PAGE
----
In the midst of Russia’s war on Ukraine and sanctions against Russia levied by the United States and the European Union, gas prices are climbing. On March 6, 2022, the national average price of gas per gallon surpassed $4.00, inching closer by the day to topping the highest-recorded average of $4.114 set in 2008, according to AAA. Some industry experts project the national average to remain above $4.00 until November 2022.
For nearly every mile driven, American consumers find themselves inextricably linked to a complex global commodity that can have a major impact on the cost of cruising: fuel. But that may change in the coming decades. With electric vehicles becoming more common as the auto industry shifts to reduce its high impact on climate change, other sectors will be affected. In just a few decades, the new car market will look radically different than it does today, and the gas and oil industries, whose fortunes are tied to the auto industry, will also experience radical change.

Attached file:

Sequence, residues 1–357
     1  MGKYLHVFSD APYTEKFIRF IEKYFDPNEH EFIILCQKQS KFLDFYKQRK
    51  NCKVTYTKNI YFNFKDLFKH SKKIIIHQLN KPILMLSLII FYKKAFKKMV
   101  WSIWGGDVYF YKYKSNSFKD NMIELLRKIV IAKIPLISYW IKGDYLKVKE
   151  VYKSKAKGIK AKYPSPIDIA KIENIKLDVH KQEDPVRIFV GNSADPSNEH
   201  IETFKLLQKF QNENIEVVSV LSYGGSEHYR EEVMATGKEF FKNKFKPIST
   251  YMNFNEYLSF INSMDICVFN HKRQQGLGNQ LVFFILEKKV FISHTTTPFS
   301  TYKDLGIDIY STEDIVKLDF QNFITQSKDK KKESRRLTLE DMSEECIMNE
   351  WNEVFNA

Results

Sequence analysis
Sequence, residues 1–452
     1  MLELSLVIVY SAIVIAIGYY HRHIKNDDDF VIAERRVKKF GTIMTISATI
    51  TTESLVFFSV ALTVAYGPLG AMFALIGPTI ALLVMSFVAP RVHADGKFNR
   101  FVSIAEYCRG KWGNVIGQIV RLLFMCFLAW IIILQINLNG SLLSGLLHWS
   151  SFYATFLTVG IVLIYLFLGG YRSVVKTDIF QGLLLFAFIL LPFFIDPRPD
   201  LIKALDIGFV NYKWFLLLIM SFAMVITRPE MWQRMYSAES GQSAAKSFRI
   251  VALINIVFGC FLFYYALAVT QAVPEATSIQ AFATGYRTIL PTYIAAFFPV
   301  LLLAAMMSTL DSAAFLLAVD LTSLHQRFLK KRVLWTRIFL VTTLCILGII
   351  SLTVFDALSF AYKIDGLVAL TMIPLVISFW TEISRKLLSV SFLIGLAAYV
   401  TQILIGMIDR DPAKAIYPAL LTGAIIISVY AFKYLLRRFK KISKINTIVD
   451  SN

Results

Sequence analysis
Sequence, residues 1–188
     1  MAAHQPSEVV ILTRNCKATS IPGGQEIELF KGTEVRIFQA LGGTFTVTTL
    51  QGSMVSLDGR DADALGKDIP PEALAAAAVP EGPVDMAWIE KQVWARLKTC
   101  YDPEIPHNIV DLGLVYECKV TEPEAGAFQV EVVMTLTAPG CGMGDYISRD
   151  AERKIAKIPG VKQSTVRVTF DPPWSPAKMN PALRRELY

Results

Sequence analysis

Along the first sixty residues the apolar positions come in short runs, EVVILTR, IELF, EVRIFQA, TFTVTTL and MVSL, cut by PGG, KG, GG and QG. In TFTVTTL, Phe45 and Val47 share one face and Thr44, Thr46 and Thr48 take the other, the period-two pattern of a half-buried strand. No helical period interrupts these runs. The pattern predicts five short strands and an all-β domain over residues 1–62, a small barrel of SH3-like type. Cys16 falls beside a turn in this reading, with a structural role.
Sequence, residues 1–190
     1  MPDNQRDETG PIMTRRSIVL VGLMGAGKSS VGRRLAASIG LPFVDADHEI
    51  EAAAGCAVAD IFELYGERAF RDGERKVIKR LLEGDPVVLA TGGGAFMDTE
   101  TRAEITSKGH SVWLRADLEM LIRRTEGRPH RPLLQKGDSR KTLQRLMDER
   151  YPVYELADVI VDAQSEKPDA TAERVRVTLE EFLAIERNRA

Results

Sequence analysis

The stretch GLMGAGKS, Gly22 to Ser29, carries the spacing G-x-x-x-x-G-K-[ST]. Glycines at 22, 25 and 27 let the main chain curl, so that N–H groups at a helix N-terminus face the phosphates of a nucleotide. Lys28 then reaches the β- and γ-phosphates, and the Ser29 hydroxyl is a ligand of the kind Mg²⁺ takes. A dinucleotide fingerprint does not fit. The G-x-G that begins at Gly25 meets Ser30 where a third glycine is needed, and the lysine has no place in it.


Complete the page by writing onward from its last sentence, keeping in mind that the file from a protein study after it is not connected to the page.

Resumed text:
Most of the time, both the highs and the lows of gas prices are out of drivers’ hands. During the Arab-Israeli War in 1973, Arab oil manufacturers banned exports to the U.S. due to their support of Israel, leading to a gas shortage and sky-high prices. In recent years, an increase in demand for oil in developing economies alongside an expansion in production from countries (like the U.S.) that once imported most of their oil, led to a sharp drop in oil prices. In the early months of the COVID-19 pandemic, stay-at-home orders caused oil prices to crater as demand for oil bottomed out.
To find out more about how the price of gas changed throughout the years, Stacker ran the numbers on the cost of a gallon of gasoline for each of the last 84 years. Using data from the Bureau of Labor Statistics (last updated in August 2021), we analyzed the average price for a gallon of unleaded regular gasoline from 1976 to 2021 along with the Consumer Price Index (CPI) for unleaded regular gasoline from 1937 to 1976, including the absolute and inflation-adjusted prices for each year.
Read on to explore the cost of gas over time and rediscover just how much a gallon was when you were born.